Kirkheaton Out of School Club

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About Kirkheaton Out of School Club

Name Kirkheaton Out of School Club
Ofsted Inspections
Address Kirkheaton Primary School, New Road, HUDDERSFIELD, HD5 0HR
Phase Childcare on Non-Domestic Premises, Full day care
Gender Mixed
Local Authority Kirklees
Highlights from Latest Inspection

What is it like to attend this early years setting?

The provision is good

Children enjoy attending this stimulating setting, where they are cared for by friendly and enthusiastic staff.

Children engage in a range of exciting activities. Staff provide a well-thought-out curriculum to support children's communication and literacy skills very well. Children enjoy a book of the week about autumnal animals.

They enjoy interactive stories and recite words as they use animal masks to pretend to be characters from the book. Children giggle with delight as staff make a cave from a blanket and they hide under it pretending to hibernate. Children behave well.

Relationships are respectful betwe...en adults and children. For example, staff let children know that they have five more minutes outside, before it is time to go inside for lunch. This helps children to know what to expect and for daily routines to run smoothly.

Children respond quickly to staff's instructions and form caring friendships with each other. They call one another by name and are considerate to each other. For example, children take turns and share equipment independently, such as ride-on toys in the garden.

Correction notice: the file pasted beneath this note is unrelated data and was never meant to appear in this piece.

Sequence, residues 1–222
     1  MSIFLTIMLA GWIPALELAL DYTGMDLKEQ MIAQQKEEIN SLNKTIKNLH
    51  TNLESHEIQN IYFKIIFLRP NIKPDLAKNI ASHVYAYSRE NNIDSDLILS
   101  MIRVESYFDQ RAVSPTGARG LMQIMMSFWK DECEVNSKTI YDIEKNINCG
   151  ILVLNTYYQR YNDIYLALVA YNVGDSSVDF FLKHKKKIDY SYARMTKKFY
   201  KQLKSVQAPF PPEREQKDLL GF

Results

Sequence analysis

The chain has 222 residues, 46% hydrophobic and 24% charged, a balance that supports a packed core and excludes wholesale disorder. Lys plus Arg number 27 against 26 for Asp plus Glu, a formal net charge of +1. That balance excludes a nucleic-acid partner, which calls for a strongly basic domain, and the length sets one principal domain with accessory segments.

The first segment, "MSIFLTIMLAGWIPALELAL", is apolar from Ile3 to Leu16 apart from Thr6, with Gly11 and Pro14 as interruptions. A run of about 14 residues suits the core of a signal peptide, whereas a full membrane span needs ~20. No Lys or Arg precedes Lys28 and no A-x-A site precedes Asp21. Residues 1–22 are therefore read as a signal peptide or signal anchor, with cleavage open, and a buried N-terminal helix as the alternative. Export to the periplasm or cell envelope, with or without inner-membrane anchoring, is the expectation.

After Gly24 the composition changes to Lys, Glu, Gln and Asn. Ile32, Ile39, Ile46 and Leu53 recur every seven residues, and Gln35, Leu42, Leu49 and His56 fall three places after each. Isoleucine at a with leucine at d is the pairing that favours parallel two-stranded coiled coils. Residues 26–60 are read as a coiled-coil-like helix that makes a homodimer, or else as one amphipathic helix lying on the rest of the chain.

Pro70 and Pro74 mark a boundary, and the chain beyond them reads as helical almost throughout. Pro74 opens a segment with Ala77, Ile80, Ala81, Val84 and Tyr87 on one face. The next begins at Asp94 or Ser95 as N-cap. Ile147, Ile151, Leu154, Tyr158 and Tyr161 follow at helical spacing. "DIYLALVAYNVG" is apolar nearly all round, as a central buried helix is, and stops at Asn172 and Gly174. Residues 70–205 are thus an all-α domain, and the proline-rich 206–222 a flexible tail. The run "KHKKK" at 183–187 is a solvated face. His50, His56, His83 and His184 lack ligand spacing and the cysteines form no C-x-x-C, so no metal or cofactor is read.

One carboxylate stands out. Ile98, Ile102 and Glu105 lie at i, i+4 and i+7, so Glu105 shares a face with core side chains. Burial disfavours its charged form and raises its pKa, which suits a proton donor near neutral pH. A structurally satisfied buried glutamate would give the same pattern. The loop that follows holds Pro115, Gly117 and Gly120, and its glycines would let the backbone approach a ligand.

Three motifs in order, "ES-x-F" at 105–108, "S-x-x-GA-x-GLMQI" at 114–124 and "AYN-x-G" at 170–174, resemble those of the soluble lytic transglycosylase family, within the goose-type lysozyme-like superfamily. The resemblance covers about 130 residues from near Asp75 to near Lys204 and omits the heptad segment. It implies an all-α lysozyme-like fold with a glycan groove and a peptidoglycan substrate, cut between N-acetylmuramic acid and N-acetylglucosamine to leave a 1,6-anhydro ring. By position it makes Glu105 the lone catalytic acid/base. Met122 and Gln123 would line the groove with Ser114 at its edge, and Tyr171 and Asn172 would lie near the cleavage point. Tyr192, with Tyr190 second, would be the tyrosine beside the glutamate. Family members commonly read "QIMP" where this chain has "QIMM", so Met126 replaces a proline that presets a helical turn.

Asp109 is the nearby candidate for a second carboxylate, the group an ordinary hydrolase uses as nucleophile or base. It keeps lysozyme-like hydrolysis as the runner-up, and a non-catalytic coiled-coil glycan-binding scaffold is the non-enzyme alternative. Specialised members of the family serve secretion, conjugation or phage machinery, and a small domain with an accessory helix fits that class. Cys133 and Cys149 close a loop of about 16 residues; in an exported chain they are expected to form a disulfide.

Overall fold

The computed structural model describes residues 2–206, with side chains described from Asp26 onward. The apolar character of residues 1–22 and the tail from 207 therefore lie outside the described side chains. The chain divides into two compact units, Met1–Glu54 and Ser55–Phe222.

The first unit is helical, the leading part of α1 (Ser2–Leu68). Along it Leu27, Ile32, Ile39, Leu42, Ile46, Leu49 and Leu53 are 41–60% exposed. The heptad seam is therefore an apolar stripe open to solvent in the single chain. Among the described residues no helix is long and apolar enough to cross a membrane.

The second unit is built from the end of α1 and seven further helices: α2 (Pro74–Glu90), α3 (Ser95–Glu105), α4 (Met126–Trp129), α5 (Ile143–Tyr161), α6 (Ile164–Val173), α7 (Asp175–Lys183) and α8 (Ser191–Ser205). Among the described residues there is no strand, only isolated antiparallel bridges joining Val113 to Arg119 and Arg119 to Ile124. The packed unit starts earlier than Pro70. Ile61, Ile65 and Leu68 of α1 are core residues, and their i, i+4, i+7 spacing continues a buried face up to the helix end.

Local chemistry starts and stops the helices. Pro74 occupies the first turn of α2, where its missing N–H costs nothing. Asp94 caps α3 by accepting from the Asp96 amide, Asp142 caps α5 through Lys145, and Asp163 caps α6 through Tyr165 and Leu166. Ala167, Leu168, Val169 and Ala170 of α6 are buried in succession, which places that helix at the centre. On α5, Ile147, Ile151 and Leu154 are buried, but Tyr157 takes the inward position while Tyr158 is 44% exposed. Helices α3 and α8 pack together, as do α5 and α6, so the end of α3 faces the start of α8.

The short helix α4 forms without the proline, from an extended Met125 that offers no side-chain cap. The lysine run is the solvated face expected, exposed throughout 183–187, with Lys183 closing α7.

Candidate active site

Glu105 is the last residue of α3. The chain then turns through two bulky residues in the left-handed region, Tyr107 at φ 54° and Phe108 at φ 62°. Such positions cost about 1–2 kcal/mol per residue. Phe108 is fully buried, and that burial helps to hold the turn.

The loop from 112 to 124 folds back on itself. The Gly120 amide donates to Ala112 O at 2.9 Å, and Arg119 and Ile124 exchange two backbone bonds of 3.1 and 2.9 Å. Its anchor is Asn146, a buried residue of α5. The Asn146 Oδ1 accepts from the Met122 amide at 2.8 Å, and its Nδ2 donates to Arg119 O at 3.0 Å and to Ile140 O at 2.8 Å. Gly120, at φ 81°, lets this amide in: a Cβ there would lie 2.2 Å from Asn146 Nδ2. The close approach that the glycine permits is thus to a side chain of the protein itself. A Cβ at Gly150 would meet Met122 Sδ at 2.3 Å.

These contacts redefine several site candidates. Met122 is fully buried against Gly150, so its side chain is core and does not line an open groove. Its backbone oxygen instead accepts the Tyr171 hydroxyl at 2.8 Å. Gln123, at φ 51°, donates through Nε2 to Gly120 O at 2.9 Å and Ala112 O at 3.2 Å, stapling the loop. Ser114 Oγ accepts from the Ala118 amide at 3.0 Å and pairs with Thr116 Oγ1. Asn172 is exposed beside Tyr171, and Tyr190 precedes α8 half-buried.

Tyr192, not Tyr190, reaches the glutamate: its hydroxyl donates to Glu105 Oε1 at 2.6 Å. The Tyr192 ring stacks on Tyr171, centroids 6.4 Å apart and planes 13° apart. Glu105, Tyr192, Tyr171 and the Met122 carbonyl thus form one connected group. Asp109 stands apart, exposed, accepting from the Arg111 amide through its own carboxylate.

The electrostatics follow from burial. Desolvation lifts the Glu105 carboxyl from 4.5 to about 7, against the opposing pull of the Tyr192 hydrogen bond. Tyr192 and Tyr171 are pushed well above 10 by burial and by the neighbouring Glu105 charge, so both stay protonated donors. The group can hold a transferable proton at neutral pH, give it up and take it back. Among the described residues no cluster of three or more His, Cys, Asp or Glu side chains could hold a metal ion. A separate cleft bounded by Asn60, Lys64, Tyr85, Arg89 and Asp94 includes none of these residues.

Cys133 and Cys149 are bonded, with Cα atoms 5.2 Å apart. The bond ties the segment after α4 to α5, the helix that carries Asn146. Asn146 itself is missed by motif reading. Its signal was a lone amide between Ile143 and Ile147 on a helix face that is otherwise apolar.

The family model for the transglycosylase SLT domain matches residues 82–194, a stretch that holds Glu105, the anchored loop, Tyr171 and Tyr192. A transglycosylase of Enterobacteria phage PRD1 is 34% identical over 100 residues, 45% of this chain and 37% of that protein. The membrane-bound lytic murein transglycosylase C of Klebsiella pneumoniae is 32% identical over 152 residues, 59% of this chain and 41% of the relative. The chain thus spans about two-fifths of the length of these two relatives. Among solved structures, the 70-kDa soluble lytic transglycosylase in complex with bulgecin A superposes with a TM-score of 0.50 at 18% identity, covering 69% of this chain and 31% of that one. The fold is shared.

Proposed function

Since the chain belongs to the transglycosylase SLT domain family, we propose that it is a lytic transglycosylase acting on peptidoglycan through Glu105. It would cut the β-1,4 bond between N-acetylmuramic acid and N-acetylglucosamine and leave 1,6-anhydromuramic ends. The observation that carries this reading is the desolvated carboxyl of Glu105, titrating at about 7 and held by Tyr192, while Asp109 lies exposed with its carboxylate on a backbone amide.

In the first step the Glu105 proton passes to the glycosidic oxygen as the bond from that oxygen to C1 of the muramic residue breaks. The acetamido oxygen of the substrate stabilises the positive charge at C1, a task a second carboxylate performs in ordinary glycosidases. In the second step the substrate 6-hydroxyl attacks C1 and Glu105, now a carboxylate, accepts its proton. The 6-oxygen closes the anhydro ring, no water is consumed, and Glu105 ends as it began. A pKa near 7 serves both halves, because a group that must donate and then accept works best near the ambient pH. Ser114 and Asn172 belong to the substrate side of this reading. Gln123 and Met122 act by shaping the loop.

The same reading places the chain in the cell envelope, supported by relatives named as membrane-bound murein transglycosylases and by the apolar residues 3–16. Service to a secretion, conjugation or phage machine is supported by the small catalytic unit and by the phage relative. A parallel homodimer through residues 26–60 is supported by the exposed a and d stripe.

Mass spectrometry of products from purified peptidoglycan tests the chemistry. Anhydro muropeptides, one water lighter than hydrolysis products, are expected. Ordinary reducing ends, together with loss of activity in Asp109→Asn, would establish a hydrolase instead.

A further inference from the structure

What does the early years setting do well and what does it need to do better?

Overall, staff have a good understanding of the curriculum and their learning intentions for all children. They plan and deliver a range of interesting and motivating activities, which give children a variety of experiences. For example, children make 'bouncy eggs' during science week and go on an autumnal treasure hunt.

This helps children to be highly engaged and motivated learners. However, staff do not consistently implement children's next steps to support their individual learning, to ensure that all children make maximum progress.Children are exposed to language and introduced to new words.

While playing with wooden bricks and shaving foam, staff talk to children about what they are building. They use words such as 'storey', 'grand', 'chimney', 'design' and 'extension'. This helps children to develop communication and language skills, which prepares them for their future learning.

Staff consistently promote children's health and well-being. Staff explain the importance of washing the germs from their hands before eating. They talk to children about the importance of brushing their teeth and choosing water to drink, rather than juice.

This helps children to develop an understanding of healthy lifestyles.Children carry out some tasks independently, such as washing their hands and putting on their own coats. However, staff do not consistently encourage children to build on these independence skills, particularly at mealtimes.